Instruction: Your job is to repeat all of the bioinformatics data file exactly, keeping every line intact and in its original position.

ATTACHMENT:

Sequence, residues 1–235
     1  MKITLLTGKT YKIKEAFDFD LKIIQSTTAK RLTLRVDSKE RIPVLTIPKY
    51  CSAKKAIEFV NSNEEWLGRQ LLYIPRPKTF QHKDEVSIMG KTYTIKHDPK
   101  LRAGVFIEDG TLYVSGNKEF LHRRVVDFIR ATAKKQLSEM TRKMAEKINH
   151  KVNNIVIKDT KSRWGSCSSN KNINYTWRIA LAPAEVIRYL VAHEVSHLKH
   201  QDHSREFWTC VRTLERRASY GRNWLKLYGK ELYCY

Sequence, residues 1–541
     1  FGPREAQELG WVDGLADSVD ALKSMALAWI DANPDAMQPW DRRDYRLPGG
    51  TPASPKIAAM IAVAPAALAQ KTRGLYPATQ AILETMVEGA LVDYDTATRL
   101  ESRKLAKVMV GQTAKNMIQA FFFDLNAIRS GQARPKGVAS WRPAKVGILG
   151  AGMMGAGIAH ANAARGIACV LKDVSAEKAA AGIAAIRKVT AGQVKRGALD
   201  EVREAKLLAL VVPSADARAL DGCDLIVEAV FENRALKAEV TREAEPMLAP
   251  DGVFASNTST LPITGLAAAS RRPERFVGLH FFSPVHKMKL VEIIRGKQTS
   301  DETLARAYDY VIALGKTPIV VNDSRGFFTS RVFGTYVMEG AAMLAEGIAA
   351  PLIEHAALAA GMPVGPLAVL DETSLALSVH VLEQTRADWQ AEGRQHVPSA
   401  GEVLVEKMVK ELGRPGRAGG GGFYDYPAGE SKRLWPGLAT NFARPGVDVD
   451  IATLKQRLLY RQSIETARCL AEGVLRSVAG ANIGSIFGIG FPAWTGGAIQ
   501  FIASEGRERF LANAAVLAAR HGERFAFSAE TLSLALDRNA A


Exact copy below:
Sequence, residues 1–235
     1  MKITLLTGKT YKIKEAFDFD LKIIQSTTAK RLTLRVDSKE RIPVLTIPKY
    51  CSAKKAIEFV NSNEEWLGRQ LLYIPRPKTF QHKDEVSIMG KTYTIKHDPK
   101  LRAGVFIEDG TLYVSGNKEF LHRRVVDFIR ATAKKQLSEM TRKMAEKINH
   151  KVNNIVIKDT KSRWGSCSSN KNINYTWRIA LAPAEVIRYL VAHEVSHLKH
   201  QDHSREFWTC VRTLERRASY GRNWLKLYGK ELYCY

Sequence, residues 1–541
     1  FGPREAQELG WVDGLADSVD ALKSMALAWI DANPDAMQPW DRRDYRLPGG
    51  TPASPKIAAM IAVAPAALAQ KTRGLYPATQ AILETMVEGA LVDYDTATRL
   101  ESRKLAKVMV GQTAKNMIQA FFFDLNAIRS GQARPKGVAS WRPAKVGILG
   151  AGMMGAGIAH ANAARGIACV LKDVSAEKAA AGIAAIRKVT AGQVKRGALD
   201  EVREAKLLAL VVPSADARAL DGCDLIVEAV FENRALKAEV TREAEPMLAP
   251  DGVFASNTST LPITGLAAAS RRPERFVGLH FFSPVHKMKL VEIIRGKQTS
   301  DETLARAYDY VIALGKTPIV VNDSRGFFTS RVFGTYVMEG AAMLAEGIAA
   351  PLIEHAALAA GMPVGPLAVL DETSLALSVH VLEQTRADWQ AEGRQHVPSA
   401  GEVLVEKMVK ELGRPGRAGG GGFYDYPAGE SKRLWPGLAT NFARPGVDVD
   451  IATLKQRLLY RQSIETARCL AEGVLRSVAG ANIGSIFGIG FPAWTGGAIQ
   501  FIASEGRERF LANAAVLAAR HGERFAFSAE TLSLALDRNA A